Kakoune’s built for this kind of custom completion stuff, so we should have all the parts we need:

# Declare a completions option, and always use it
declare-option completions wiki_completions
set-option -add global completers option=wiki_completions

# while the user is typing in insert mode...
hook global InsertIdle .* %{
    eval -draft %{
        try %{
            # Move the cursor to the beginning of the previous [[, if any.
            exec <space><a-t>[hH<a-k>\[\[<ret>

            # Set up completions that include the [[
            set window wiki_completions \
                "%val{cursor_line}.%val{cursor_column}@%val{timestamp}" \
                "[[New York]]||[[New York]]" "[[London]]||[[London]]"
        } catch %{
            # No [[ before the cursor, clear out stale completions
            set window wiki_completions

If I stick that in a file and start Kakoune, it mostly works. If I just start typing, I get no completions, and the moment I type [[ I get the two completions and I can cycle through them. If I type L (the first letter of “London”) then “New York” gets removed from the completion list as I would expect.

However, if I type l, I would expect the same effect. Instead, the completion list now contains “file” and “automatically”, the two words in the default scratch buffer message containing “l”. If I then type “o” (or “d” or “n”) the scratch-buffer completions vanish and I’m back to “London” as expected.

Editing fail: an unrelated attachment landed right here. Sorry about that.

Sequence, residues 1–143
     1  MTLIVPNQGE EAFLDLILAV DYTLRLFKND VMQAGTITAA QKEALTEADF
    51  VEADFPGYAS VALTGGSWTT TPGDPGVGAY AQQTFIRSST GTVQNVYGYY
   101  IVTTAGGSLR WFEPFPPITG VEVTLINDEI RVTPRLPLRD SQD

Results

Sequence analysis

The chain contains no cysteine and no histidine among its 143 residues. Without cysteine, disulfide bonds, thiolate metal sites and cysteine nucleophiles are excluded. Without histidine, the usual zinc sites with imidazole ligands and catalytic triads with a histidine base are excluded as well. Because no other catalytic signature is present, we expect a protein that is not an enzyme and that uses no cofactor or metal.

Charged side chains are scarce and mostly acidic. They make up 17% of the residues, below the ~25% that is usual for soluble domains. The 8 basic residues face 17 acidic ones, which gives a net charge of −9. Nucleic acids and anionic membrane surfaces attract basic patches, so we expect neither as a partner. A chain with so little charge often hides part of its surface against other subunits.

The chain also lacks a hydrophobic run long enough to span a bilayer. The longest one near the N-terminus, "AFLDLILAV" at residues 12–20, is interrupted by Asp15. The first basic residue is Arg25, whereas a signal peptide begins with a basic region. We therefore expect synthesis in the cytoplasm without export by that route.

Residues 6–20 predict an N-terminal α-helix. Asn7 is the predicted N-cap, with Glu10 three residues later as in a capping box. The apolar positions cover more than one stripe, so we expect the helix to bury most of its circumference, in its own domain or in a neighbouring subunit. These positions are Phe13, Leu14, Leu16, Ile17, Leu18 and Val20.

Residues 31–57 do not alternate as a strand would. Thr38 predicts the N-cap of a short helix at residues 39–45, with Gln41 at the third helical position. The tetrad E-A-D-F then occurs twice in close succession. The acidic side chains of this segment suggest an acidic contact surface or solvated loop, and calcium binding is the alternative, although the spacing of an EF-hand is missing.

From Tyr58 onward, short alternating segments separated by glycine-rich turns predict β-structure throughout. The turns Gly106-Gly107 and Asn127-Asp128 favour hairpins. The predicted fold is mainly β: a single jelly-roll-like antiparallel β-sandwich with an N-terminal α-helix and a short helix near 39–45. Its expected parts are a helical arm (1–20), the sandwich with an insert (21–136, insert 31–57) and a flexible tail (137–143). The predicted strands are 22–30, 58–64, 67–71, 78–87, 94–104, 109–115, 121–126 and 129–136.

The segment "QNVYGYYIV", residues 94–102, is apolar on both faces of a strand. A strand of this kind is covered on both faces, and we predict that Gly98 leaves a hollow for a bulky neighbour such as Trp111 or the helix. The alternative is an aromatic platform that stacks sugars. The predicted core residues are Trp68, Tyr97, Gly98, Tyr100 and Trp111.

I accept that Kakoune has a bunch of completions engines going on, and it might not always display completions in the order I expect, but I’m surprised that valid completions are sometimes hidden. Is this a bug, or some quirk of Kakoune’s design I haven’t fully appreciated yet?

EDIT: I found a workaround: if I install the completer with:

set-option global completers option=wiki_completions %opt{completers}

(that is, if I manually put my completer first, instead of using -add to put it last) then my completions always appear. The other completions don’t appear, but I don’t care about them as much since these completions are more specific. Other people might have multiple completion sources they care about, so maybe this behaviour still needs to be changed… but I’m OK with it for now.

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My wiki plugin now properly supports masked links (where [[custom text|SomePage]] displays “custom text” in the rendered document, but links to “SomePage”).

  • Hitting Enter on a masked link (still) takes you to the correct target document.
  • When typing a masked link, we only try to complete the text after the previous |, not all the way back to the opening [.
  • When typing any kind of link, masked links in other documents no longer break the completion engine.

In addition, we previously assumed that the link target had the same format as the current buffer - if you were editing SomePage.md and followed a link to “AnotherPage”, we would try to edit AnotherPage.md. Now we try all the extensions GitHub supports until we find one that results in a file that exists, or fall back to .md if none of them exist.

This afternoon I spent some time using the plugin to sketch out world-building notes for a role-playing game I want to run, and the biggest frustration I had was getting side-tracked by ideas rather than wrestling with the tool. I consider that a success, but I’ll keep using it for a while to see what other awkwardness I encounter.